Behavioral health is one of over a hundred nursing specialties registered nurses (RN) can choose between as they work to further their career, education, and interests. Choosing to pursue a specialty is exciting and yet can be overwhelming as well. Do you think behavioral healthcare might be the pursuit for you?
Behavioral health might be precisely suitable for you! Here, we’ll explore the meaning of the term and how that applies to the specific tasks you can expect to be part of a job description for an RN in behavioral health. We’ll further explore the characteristics and interests of nurses who find satisfaction in this specialty so they can make more informed decisions.
Is Behavioral Health the Same Thing as Mental Health?
The term behavioral health is often confused with mental health. While this confusion of terms isn’t far-fetched, it isn’t quite right. Behavioral health is a broader term than mental health. The World Health Organization (WHO) defines mental health as:
“Mental health is a state of mental well-being that enables people to cope with the stresses of life, realize their abilities, learn well and work well, and contribute to their community.”
In contrast, behavioral health is defined as: “Behavioral health describes the connection between behaviors and the health and well-being of the body, mind, and spirit.” Perhaps, that is still a little too vague. Ultimately, behavioral health refers to your mental health and behaviors that reflect your mental, physical, and spiritual health.
Behavioral health is more than diagnosing a mental health disorder and prescribing treatment. Behavioral health indicates that we also assess their behaviors and environments and look at their motivations and physical health.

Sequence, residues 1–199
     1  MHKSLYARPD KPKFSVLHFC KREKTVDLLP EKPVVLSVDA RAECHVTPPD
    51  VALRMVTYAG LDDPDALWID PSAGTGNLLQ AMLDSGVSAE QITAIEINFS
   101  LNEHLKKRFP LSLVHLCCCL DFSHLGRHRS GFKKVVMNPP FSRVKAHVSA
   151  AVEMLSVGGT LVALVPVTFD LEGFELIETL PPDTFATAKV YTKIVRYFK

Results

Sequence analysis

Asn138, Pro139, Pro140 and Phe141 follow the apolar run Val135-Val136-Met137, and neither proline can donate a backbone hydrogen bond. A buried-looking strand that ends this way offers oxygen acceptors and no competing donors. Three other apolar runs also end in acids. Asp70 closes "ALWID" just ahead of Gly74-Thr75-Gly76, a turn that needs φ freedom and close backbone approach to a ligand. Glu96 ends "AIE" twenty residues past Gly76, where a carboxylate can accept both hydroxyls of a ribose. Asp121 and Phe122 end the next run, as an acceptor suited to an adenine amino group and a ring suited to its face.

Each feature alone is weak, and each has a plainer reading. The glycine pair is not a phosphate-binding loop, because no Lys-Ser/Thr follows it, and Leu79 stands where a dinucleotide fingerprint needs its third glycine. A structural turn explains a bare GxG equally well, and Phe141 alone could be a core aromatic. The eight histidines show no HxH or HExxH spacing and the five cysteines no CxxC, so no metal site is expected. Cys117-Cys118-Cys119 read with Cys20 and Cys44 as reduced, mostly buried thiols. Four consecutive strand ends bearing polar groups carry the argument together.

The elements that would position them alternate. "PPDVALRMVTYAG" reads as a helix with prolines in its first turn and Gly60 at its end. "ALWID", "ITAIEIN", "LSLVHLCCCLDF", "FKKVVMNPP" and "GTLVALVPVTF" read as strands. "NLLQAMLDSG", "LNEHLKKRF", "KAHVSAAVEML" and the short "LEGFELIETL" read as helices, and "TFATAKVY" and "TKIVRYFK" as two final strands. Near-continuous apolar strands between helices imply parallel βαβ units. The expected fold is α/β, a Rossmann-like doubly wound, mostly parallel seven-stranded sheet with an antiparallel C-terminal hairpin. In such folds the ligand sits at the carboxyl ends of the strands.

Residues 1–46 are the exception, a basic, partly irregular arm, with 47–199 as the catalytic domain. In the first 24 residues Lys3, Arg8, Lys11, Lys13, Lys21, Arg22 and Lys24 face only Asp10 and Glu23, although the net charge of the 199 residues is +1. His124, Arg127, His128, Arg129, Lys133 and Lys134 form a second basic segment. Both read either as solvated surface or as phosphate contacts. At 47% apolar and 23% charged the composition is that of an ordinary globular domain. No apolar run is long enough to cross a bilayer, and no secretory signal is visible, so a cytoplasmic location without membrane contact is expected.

Behavioral Health Nursing Is More than Prescribing Medications
Behavioral health and behavioral science theories are an integral part of public health nursing as well. Public health nursing focuses on making community changes instead of individual differences, often utilizing behavioral health theories. Moreover, the theories can be applied in mental health settings as well. At the same time, most behavioral health nurses work in a mental health treatment environment.
Behavioral science theories focus on changing the behavior of the patient. Some examples of behavioral approaches being used in nursing today include:
- Integrated Behavioral Model
- Theory of Planned Behavior
- Social-Cognitive Theory
- Theory of Reasoned Action
- Health Belief Model
- Transtheoretical Model
What Types of Clinicians Work in Behavioral Healthcare?
Just as the term behavioral health is broad, so is the range of professionals working within behavioral healthcare. If you want a job in behavioral health, you can expect to collaborate with clinicians from the following disciplines:
- RNs and APNs (advanced practice nurses)
- Nurses practitioners (NPs)
- Social workers
- Licensed practical/vocational nurses (LPN/LVNs)
- Certified nursing assistants (CNAs)
How Much Do Clinicians Earn in Behavioral Health?
Here’s a breakdown of the average salary and hourly wages clinicians earned in 2021 in Mental Health and Substance Abuse (data sourced from the U.S. Bureau of Labor Statistics)
- RNs earned an average salary of $80,260 or $38.59 per hour.
- NPs earned $131,830 annually or $63.38 hourly.
- LPNs/LVNs earned an average of $52,440 per hour or $25.21 per hour.
- CNAs earned $34,480 as an average salary or $16.58 hourly.
You Might Be a Behavioral Health Nurse If:
- You have an interest in behavioral psychology.
- You are interested in the context of your patient’s health.
- You can see your patients as flawed humans (just like everyone else) instead of a number or a problem to be solved.
- You can have compassion while still maintaining personal boundaries.
- You are interested in furthering your education.
- Job security is a priority for you.
How to Find Jobs in Behavioral Healthcare Near You
Download the Nursa staffing smartphone app that brings the entire hiring process from job search to job acceptance to the palm of your hand. With Nursa, you can search for jobs near you, adjust your geographic location, and search again. Hundreds of PRN behavioral healthcare jobs are within your radius, and you can connect to them today.
Job security is absolutely a positive component for nurses working in behavioral healthcare. Search for nursing jobs that include BHU (behavioral healthcare unit), a psychiatric unit, residential care, or mental health.
Working PRN jobs in behavioral health is a terrific way to build confidence that this specialty is the right one for you. You gain experience and can work in various facility settings to determine which setting will allow you, or even encourage you, to work holistically in behavioral health.